Abstract 16853: Adaptive Hypertrophy in Women With Aortic Valve Stenosis is Associated With Better Reversibility and Survival After Valve Replacement
Background: Women with isolated aortic valve stenosis (AS) develop more favorable LV hypertrophy (LVH) with smaller cavity size, thicker walls and less interstitial fibrosis (IF) compared with men in similar disease states. This is an important prerequisite for faster regression in women after aortic valve replacement (AVR) (Petrov et al., Circulation 2010). However it is yet uncertain whether these sex differences affect survival after AVR.
Methods: This prospective cohort study included 135 patients (mean age 70±9.6 years, 50% women) undergoing AVR for isolated AS. Echocardiography was obtained before, shortly after and 4±1.6 years after surgery. We established a longitudinal factor analytical model to study the development of LVH and its time course of regression. LV mass, LV diameters at end-diastole (LVID) and relative wall thickness (RWT) were included to generate one multidimensional factor representing the direction and the magnitude of changes in all three variables together. According to the results of the factor analysis, LVH was classified as adaptive (combining smaller LVID and LV mass and greater RWT) or maladaptive. Myocardial tissue samples from the LV septum were obtained during AVR in a subgroup of 46 patients (52% women) to analyse IF and associated key molecular regulators.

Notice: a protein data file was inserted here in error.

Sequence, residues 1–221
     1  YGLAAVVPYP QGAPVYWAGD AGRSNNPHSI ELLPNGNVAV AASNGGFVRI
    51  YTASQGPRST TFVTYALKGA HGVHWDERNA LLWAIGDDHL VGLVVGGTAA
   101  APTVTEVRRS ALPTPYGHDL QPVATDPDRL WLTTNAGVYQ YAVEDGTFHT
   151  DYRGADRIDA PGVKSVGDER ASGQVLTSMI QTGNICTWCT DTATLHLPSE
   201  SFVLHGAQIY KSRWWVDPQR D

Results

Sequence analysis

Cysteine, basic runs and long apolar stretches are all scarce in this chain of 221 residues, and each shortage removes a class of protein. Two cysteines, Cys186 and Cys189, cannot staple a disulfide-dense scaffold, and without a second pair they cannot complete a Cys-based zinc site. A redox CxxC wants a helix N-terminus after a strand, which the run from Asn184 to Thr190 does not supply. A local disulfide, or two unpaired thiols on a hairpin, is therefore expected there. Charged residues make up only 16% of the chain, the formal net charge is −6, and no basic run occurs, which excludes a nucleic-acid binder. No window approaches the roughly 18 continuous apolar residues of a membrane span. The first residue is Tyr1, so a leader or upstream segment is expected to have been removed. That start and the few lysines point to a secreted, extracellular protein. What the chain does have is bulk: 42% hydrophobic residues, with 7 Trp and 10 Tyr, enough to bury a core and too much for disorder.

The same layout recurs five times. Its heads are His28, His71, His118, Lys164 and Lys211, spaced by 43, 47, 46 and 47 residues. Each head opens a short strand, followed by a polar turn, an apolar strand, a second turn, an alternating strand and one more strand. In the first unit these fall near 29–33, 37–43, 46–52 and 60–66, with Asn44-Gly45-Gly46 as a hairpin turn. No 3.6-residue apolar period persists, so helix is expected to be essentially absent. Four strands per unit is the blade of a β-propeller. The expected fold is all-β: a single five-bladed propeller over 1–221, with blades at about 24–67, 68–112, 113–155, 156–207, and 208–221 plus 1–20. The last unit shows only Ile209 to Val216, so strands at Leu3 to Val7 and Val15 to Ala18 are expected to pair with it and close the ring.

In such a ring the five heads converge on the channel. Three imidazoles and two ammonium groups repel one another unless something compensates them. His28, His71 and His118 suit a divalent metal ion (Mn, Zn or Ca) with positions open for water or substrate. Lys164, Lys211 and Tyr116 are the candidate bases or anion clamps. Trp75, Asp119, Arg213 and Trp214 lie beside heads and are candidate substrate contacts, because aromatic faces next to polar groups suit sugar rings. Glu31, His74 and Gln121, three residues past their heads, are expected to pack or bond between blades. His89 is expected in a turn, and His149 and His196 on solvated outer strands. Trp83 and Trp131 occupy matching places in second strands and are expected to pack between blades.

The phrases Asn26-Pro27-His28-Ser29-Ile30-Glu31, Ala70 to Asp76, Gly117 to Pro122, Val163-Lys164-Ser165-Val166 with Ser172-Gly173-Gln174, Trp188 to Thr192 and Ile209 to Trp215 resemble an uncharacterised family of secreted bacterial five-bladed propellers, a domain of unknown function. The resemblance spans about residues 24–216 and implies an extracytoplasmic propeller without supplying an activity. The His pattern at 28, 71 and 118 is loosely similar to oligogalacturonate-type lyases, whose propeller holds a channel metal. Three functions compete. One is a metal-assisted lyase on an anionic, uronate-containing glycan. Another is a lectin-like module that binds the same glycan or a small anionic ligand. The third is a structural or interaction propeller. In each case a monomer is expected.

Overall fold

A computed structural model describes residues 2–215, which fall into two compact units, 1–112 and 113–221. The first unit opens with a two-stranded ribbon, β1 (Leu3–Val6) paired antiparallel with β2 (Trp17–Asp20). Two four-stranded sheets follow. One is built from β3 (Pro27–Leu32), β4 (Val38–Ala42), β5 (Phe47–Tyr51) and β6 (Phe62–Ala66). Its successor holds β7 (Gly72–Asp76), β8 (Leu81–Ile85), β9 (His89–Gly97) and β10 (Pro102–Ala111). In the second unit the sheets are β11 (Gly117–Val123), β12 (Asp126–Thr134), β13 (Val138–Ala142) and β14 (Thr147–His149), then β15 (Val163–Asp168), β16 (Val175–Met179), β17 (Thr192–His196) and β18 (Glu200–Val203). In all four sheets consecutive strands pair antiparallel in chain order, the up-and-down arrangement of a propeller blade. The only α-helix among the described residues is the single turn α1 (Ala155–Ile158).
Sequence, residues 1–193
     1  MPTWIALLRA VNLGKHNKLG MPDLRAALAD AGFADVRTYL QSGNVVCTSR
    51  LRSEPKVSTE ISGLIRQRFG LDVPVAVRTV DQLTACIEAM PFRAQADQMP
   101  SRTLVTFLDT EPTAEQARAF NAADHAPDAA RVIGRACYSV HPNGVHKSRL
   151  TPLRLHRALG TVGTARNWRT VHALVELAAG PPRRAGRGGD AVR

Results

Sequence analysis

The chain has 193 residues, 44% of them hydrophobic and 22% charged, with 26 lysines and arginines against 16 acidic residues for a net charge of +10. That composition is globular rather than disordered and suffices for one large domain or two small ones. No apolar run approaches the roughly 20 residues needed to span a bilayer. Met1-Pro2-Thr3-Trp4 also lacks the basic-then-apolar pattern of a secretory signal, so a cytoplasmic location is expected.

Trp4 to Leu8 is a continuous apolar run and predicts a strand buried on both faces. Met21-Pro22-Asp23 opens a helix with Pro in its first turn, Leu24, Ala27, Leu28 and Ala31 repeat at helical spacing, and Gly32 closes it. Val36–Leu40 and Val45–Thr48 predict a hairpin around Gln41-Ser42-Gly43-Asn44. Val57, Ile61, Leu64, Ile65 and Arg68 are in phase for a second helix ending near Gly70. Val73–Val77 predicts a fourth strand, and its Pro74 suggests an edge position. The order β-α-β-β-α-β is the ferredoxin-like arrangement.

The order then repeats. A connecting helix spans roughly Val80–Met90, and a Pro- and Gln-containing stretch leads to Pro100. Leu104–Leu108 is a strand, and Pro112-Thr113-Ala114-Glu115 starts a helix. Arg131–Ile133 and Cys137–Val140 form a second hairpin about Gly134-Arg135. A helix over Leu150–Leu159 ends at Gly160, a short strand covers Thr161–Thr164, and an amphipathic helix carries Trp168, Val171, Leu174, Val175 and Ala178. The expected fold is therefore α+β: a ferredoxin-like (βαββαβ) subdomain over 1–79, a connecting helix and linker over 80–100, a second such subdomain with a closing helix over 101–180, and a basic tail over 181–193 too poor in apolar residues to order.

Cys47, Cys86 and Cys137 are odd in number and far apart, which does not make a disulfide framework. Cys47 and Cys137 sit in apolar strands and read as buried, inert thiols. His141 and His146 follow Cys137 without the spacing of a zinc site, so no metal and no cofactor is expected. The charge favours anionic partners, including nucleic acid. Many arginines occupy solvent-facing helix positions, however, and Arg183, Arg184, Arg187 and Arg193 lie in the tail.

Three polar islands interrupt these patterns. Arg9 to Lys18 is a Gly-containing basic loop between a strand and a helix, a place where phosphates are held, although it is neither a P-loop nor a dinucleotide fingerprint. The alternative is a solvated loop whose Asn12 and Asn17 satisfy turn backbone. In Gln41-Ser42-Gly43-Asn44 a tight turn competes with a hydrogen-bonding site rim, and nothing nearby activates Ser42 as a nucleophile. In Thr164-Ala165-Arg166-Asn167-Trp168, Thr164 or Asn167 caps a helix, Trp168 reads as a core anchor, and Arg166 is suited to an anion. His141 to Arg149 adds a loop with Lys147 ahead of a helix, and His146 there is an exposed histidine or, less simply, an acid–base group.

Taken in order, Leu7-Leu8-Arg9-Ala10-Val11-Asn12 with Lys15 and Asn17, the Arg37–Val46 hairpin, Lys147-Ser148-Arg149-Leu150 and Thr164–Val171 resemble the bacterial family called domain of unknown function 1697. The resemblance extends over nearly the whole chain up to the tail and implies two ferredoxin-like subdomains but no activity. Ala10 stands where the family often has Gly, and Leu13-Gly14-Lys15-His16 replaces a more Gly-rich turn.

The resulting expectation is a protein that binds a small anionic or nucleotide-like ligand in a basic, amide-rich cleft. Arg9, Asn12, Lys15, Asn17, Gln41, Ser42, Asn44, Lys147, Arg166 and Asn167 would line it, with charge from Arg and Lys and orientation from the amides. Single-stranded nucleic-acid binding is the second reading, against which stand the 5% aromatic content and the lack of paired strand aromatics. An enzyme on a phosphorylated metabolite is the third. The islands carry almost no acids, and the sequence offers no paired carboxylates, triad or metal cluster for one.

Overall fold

Results: Before AVR 60% of women and 24% of men had adaptive LVH and maintained this pattern after surgery (p<0.007). In contrast 50% of men and 20% of women exhibited preoperatively maladaptive LVH persisting after AVR (p<0.029). Postoperative cross-over from maladaptive to adaptive LVH patterns or vice versa occurred infrequently in both genders. In addition more IF was present in men compared to women (p<0.04). Higher TGF-β1 (p<0.01), Smad 2 phosphorylation (p<0.001) and periostin (p<0.05) levels were found in men than in women. Regarding gender and LVH pattern the post-AVR survival was significantly better in women with adaptive LVH in comparison with women with maladaptive LVH or men (p<0.01).
Conclusion: In women with AS an adaptive pattern of LVH with less myocardial fibrosis contributes to better hypertrophy reversibility and subsequent survival benefit after AVR.
- © 2013 by American Heart Association, Inc.